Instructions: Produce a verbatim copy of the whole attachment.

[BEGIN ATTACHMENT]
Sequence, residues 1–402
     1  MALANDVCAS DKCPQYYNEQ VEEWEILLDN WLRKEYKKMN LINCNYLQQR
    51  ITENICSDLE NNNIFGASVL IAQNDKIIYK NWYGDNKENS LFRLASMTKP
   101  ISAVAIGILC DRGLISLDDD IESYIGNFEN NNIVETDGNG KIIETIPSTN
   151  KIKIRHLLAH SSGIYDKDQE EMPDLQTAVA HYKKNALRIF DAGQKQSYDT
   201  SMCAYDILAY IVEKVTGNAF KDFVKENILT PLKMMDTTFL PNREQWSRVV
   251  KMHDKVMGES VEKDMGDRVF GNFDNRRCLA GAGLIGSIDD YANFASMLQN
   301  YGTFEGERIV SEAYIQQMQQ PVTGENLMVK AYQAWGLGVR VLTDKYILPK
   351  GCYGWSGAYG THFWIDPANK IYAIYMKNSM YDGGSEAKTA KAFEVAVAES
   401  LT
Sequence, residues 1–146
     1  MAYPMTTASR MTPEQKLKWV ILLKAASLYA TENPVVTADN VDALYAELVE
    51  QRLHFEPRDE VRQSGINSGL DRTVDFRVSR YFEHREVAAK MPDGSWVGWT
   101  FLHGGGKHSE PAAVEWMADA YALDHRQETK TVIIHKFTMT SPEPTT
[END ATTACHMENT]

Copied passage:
Sequence, residues 1–402
     1  MALANDVCAS DKCPQYYNEQ VEEWEILLDN WLRKEYKKMN LINCNYLQQR
    51  ITENICSDLE NNNIFGASVL IAQNDKIIYK NWYGDNKENS LFRLASMTKP
   101  ISAVAIGILC DRGLISLDDD IESYIGNFEN NNIVETDGNG KIIETIPSTN
   151  KIKIRHLLAH SSGIYDKDQE EMPDLQTAVA HYKKNALRIF DAGQKQSYDT
   201  SMCAYDILAY IVEKVTGNAF KDFVKENILT PLKMMDTTFL PNREQWSRVV
   251  KMHDKVMGES VEKDMGDRVF GNFDNRRCLA GAGLIGSIDD YANFASMLQN
   301  YGTFEGERIV SEAYIQQMQQ PVTGENLMVK AYQAWGLGVR VLTDKYILPK
   351  GCYGWSGAYG THFWIDPANK IYAIYMKNSM YDGGSEAKTA KAFEVAVAES
   401  LT
Sequence, residues 1–146
     1  MAYPMTTASR MTPEQKLKWV ILLKAASLYA TENPVVTADN VDALYAELVE
    51  QRLHFEPRDE VRQSGINSGL DRTVDFRVSR YFEHREVAAK MPDGSWVGWT
   101  FLHGGGKHSE PAAVEWMADA YALDHRQETK TVIIHKFTMT SPEPTT